On February 26, the U.S. Court of Appeals for the Second Circuit joined the Seventh Circuit in holding that sexual orientation discrimination is prohibited by Title VII of the Civil Rights Act of 1964 (Title VII). Zarda v. Altitude Sys., Inc., No. 15-3775 (2d Cir. 2018); Hively v. Ivy Tech Cmty. Coll., 853 F.2d 339 (7th Cir. 2017). As recently as last year, the Second Circuit reached a contrary conclusion. Christiansen v. Omnicom Group, 852 F.3d 195 (2d Cir. 2017). The Second and Seventh Circuit decisions conflict with the 2017 decision of the Eleventh Circuit Court of Appeals, which the Supreme Court declined to review. See Evans v. Georgia Regional Hosp., 850 F.2d 1248 (11th Cir.), cert. denied, 138 S. Ct. 556 (2017). Now that there are two circuit court decisions ruling that sexual orientation is protected under Title VII, the Supreme Court might decide that it is time to address the question either in Zarda, if the decision is appealed, or in a future case.
Many states and some cities and other municipalities have enacted laws that expressly and directly prohibit sexual orientation discrimination. There is, however, no federal law that directly outlaws this type of discrimination.
Title VII prohibits an employer from taking discriminatory action because of an individual’s sex. The question of whether sexual orientation discrimination constitutes discrimination “because of sex” has been politically charged. In fact, two federal agencies took opposing positions in Zarda. The EEOC, which since 2015 has taken the position that sexual orientation discrimination is covered by Title VII’s prohibition of sex discrimination (see Baldwin v. Foxx, EEOC Decision No. 0120133080 (July 15, 2015)), filed an amicus brief in support of the employee, Zarda. The Department of Justice filed an amicus brief in support of the employer, Altitude Express, taking the opposite position that Title VII does not expressly prohibit sexual orientation discrimination and that any expansion of the law under Title VII should be addressed by Congress, not the courts. Attorney General Jeff Sessions reacted to the Second Circuit’s ruling in Zarda by stating of the Second Circuit’s reversal of its position, “We believe we’re on the right principle there, and I guess maybe the judges woke up that morning, read the New York Times or something, and decided their previous ruling was wrong.”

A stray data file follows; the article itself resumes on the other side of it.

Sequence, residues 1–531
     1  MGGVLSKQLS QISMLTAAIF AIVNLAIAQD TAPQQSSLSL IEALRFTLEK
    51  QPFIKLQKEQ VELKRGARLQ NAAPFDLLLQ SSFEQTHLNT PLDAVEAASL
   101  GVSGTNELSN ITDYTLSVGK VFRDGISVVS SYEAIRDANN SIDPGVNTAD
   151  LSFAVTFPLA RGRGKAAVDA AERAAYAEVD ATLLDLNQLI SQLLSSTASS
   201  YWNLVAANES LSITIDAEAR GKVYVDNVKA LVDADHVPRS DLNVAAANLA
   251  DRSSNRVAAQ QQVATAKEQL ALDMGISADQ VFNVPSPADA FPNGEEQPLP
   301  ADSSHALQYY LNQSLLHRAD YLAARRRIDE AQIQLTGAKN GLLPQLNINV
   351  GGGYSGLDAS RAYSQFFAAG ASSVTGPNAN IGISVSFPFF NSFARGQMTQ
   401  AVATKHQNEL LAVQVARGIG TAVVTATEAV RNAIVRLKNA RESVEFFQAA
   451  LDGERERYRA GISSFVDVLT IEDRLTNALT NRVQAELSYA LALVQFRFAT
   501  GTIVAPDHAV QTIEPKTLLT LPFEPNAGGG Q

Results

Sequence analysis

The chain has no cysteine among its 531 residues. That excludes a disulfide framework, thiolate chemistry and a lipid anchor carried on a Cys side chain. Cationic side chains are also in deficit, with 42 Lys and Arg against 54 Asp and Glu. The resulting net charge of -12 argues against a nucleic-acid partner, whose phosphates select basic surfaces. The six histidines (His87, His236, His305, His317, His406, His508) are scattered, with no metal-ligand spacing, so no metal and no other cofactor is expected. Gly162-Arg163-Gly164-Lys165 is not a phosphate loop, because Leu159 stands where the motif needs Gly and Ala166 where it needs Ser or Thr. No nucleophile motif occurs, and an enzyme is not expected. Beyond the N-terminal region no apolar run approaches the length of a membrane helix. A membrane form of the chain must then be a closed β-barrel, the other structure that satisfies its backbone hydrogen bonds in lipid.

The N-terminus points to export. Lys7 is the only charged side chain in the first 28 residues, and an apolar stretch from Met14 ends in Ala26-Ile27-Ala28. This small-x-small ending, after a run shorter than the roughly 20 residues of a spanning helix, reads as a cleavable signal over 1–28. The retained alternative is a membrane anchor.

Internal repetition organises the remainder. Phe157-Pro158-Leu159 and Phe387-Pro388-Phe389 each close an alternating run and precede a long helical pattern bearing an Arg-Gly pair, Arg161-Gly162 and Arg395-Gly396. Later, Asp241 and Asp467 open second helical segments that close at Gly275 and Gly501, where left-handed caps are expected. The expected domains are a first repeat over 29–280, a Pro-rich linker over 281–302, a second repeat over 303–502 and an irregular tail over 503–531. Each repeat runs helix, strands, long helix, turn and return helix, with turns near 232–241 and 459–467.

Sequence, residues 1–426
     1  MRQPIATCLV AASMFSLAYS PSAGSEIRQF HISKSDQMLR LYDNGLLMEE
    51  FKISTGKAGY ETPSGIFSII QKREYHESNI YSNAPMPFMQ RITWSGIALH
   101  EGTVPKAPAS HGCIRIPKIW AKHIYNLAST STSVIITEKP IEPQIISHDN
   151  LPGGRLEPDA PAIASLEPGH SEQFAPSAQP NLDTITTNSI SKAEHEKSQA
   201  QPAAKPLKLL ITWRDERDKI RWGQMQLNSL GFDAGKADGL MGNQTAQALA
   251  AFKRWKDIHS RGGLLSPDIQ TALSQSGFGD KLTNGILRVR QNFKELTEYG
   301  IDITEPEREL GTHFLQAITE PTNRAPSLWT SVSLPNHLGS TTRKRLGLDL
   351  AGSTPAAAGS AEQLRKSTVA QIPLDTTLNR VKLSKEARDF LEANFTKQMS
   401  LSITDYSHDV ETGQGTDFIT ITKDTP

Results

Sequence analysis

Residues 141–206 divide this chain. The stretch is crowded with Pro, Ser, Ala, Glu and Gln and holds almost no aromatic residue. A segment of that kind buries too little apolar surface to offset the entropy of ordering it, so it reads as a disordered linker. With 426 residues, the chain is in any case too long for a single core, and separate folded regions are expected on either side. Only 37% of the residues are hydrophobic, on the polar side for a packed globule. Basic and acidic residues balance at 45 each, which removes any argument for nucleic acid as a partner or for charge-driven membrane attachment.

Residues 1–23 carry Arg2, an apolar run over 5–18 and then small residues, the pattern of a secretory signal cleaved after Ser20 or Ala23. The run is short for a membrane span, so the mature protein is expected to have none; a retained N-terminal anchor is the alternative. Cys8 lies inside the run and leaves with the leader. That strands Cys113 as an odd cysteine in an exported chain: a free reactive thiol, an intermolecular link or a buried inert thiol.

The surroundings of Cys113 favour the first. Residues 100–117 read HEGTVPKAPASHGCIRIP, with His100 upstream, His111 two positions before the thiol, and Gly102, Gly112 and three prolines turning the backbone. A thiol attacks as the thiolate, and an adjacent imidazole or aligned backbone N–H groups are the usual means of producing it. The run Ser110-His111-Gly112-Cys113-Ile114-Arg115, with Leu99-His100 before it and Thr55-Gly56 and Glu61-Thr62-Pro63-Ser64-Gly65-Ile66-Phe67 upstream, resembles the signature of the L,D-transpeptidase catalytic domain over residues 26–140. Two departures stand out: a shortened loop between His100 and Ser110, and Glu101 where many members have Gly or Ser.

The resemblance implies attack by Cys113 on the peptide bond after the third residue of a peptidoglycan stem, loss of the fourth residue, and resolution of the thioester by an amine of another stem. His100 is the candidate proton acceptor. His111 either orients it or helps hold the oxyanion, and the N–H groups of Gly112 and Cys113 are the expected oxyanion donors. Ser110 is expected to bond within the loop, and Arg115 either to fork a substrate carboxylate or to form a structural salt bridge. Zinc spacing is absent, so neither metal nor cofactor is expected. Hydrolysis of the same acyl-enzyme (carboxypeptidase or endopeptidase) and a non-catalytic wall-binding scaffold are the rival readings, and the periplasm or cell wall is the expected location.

For now, sexual orientation discrimination is unlawful in the Second and Seventh Circuits and in many states, cities and municipalities, but lawful elsewhere unless Congress acts or the Supreme Court accepts an appropriate case for review. In the meantime, employers should consider treating sexual orientation as a protected class when making employment decisions and drafting employment policies.